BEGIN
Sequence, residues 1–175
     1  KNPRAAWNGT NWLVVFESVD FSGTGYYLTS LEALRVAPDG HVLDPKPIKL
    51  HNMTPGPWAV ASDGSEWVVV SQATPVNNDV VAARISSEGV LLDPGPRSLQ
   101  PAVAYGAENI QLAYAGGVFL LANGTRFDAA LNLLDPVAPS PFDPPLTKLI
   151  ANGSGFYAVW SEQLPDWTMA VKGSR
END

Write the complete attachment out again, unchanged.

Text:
Sequence, residues 1–175
     1  KNPRAAWNGT NWLVVFESVD FSGTGYYLTS LEALRVAPDG HVLDPKPIKL
    51  HNMTPGPWAV ASDGSEWVVV SQATPVNNDV VAARISSEGV LLDPGPRSLQ
   101  PAVAYGAENI QLAYAGGVFL LANGTRFDAA LNLLDPVAPS PFDPPLTKLI
   151  ANGSGFYAVW SEQLPDWTMA VKGSR